Secretariat. Measures relating to Andrei SAKHAROV; annulment of decree for Sakharov’s exile and pardon for his wife Elena BONNER. [R: 9 Dec 86, 2407-Ch], 8 pp.
[pages one to four]
9 December 1986
To the CPSU Central Committee
Concerning suggestions about A.D. Sakharov
The decision that it was necessary to halt Sakharov’s hostile activities was prompted by the subversive work he had conducted against the Soviet State over an extended period. He incited aggressive circles in capitalist States to intervene in the internal affairs of socialist countries, to engage in military confrontation with the Soviet Union; he inspired protests against the Soviet State’s policy of a relaxation in international tension and peaceful coexistence. At the same time, Sakharov took measures to bring together anti-Soviet elements within the country, inciting them to engage in extremist actions. He tried to establish contacts with anti-socialist groups in the Czechoslovak SSR, expressed solidarity with the Czechoslovak “Chartists” [Charter 77] and representatives of the Polish so-called “Committee for Public Self-Defence”, calling on them to unite as an organisation in order to carry out anti-socialist activities.
[Thanks to the measures taken to influence Sakharov by the wise KGB, the dissident physicist had quietened down in Gorky and (most important of all) in the absence of his wife had come to his senses: once again he began to take an interest in science, he “criticised the US Star Wars (SDI) programme, made positive comments about the peace initiatives of the Soviet leadership and gave an objective assessment of the events at the Chernobyl nuclear power station”.]
As before, Bonner insistently opposes the said changes in Sakharov’s behaviour and way of life. In essence, she is encouraging her husband not to engage in scientific activities but directs him towards the preparation of provocative documents and forces him to keep a diary with the prospect of its publication abroad. Despite this, however, it would seem expedient to maintain efforts to draw Sakharov into scientific work which would be useful in itself and could help to restrain him from active participation in anti-social activities.
It seems possible for these purposes to resolve at present the issue of Sakharov’s return to Moscow, since his further stay in Gorky could again prompt him to revive his anti-Soviet activities, if we also bear in mind the negative influence on him of his wife and the continuing interest in the West in the so-called “Sakharov problem”.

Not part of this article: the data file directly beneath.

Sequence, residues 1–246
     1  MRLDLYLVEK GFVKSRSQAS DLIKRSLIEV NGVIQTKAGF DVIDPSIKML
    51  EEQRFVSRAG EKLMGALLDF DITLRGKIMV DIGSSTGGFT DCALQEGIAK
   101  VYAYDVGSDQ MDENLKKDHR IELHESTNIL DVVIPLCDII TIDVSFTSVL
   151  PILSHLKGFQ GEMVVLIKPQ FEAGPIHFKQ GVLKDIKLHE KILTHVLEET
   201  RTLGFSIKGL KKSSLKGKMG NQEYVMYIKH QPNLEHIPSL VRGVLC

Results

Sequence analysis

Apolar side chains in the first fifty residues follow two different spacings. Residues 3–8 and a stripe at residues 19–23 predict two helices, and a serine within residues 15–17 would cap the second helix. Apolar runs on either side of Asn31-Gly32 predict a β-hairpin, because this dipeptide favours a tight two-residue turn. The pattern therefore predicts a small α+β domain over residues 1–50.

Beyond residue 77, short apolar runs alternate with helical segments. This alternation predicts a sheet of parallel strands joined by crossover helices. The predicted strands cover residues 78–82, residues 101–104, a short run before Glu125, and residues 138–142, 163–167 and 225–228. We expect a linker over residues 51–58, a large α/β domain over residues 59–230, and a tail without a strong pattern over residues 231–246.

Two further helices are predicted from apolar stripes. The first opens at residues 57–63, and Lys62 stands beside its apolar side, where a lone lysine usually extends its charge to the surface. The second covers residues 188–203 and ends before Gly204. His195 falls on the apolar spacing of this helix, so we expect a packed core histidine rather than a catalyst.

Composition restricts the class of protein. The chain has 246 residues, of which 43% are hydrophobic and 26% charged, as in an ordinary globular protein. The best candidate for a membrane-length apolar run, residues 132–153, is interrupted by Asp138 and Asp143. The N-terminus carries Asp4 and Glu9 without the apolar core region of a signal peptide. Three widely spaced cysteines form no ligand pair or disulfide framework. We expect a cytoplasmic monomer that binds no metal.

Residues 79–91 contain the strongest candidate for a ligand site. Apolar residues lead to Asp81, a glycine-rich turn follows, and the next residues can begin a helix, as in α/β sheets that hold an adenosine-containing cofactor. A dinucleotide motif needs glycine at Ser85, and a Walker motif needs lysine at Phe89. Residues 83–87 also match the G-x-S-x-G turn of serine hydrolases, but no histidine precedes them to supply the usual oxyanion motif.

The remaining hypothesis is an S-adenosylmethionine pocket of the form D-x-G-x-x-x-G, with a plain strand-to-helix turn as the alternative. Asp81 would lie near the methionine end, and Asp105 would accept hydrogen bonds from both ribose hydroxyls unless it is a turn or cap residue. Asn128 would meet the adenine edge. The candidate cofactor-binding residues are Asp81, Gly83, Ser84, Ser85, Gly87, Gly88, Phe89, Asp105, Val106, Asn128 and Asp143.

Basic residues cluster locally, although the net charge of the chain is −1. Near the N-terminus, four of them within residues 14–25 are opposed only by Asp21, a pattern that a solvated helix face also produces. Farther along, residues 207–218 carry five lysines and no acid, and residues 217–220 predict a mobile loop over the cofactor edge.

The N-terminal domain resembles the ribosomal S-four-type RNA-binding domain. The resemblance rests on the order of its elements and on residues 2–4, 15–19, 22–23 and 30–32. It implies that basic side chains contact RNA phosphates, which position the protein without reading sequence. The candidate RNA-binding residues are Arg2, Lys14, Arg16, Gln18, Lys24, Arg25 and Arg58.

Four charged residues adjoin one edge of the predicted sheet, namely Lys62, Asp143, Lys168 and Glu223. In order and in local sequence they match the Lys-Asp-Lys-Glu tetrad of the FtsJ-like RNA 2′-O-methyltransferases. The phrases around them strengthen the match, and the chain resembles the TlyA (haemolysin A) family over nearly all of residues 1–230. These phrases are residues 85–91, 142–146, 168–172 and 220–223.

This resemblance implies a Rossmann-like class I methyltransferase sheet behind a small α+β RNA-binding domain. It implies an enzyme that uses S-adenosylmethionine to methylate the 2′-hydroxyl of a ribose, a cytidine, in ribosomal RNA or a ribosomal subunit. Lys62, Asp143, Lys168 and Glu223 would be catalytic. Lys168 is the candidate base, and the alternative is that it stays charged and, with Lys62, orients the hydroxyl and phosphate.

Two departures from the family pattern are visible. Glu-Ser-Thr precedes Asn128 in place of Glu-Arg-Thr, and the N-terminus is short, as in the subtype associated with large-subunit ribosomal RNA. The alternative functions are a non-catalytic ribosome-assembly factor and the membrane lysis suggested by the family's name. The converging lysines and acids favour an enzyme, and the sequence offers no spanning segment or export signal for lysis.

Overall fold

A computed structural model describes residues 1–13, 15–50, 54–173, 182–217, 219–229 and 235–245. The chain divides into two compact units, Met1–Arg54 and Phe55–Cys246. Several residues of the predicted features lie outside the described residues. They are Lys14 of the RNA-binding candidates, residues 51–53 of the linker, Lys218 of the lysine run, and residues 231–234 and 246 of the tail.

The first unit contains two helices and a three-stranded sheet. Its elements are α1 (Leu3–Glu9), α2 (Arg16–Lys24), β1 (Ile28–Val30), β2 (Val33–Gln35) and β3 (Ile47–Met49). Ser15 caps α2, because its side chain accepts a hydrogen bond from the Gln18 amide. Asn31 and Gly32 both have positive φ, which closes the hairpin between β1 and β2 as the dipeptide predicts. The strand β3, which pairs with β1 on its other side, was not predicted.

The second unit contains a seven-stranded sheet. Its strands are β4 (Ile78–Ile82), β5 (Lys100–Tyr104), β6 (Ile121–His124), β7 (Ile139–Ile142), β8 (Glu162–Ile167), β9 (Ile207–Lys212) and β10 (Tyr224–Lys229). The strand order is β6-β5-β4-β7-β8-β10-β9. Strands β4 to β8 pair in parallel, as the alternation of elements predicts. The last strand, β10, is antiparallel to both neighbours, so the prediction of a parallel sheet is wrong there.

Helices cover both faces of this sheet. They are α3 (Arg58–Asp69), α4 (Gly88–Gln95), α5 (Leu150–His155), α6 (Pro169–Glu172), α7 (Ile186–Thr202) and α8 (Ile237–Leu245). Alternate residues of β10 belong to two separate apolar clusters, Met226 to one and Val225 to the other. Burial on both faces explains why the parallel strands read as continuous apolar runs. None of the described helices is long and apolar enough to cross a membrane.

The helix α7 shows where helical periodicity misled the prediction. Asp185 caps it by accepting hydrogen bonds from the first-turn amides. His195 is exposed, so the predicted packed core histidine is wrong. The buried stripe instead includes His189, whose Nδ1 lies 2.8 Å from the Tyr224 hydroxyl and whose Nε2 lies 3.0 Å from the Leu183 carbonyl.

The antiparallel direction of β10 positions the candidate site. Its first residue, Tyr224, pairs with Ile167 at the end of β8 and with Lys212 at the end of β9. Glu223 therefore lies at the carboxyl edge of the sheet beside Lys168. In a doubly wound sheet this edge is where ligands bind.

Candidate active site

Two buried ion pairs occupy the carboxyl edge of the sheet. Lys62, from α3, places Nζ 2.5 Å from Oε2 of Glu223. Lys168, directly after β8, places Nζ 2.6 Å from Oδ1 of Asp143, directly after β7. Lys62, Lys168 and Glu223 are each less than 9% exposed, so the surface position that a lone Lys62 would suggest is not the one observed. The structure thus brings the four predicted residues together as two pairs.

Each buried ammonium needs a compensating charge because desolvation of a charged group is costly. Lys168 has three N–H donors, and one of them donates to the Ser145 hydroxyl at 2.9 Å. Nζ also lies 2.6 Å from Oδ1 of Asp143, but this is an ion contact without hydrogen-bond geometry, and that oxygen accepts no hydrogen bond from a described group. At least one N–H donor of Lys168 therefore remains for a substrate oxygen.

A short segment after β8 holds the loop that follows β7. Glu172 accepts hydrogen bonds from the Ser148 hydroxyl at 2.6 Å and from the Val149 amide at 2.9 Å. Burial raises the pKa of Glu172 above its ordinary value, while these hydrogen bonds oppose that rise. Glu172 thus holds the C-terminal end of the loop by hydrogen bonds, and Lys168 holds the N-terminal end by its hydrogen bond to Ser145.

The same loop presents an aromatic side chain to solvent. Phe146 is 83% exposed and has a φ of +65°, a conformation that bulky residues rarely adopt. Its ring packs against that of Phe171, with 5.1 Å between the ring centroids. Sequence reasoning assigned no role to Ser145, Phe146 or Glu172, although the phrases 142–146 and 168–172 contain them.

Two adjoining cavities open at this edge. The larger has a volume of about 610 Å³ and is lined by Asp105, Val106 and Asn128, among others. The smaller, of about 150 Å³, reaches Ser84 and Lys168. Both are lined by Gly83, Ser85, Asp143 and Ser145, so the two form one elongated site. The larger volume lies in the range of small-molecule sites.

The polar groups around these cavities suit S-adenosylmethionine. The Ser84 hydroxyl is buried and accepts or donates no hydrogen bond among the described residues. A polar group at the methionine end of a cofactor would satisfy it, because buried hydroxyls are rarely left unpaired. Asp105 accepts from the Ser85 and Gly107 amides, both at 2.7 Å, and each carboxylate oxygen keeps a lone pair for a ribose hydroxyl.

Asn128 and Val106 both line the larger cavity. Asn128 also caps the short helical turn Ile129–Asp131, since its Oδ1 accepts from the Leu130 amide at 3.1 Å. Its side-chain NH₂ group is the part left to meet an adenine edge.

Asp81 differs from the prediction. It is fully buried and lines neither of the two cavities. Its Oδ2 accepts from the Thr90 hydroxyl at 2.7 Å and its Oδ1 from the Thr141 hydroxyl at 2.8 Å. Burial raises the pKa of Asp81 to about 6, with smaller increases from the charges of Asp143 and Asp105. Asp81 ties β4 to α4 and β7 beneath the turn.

We would like to believe Sakharov’s declaration that he was ready, on his return to Moscow, to give up his public activities.
There could be certain negative aspects to Sakharov’s return to Moscow if we consider the anti-Soviet views of Bonner, her clear striving to provoke Sakharov into conflict with us, and her unconcealed wish to work with circles in the West opposed to our policies. Their apartment might again become a location for all kinds of press conferences involving foreign journalists, a place for anti-social elements to meet,
draw up declarations and demands of a negative character. Sakharov himself will hardly refrain from taking part in cases concerning the so-called “defence of human rights “. Despite all that has been said, however, the return of Sakharov will have fewer political costs now than his continued isolation in Gorky. Furthermore, it is intended that the Committee for State Security will take measures to neutralise this possible negative behaviour.
Ligachev [Politburo] Chebrikov [KGB] Marchuk [Academy of Sciences]
[pages five to eight give draft texts of decrees, reversing
the exile of Sakharov and pardoning Bonner]
1. Notes and additions by translator and editor are bracketed, thus [ ];
2. Text added by hand is indicated in italic script;
3. when a handwritten phrase, figure or word has been inserted
in a previously typed document it is indicated by underlined italic script.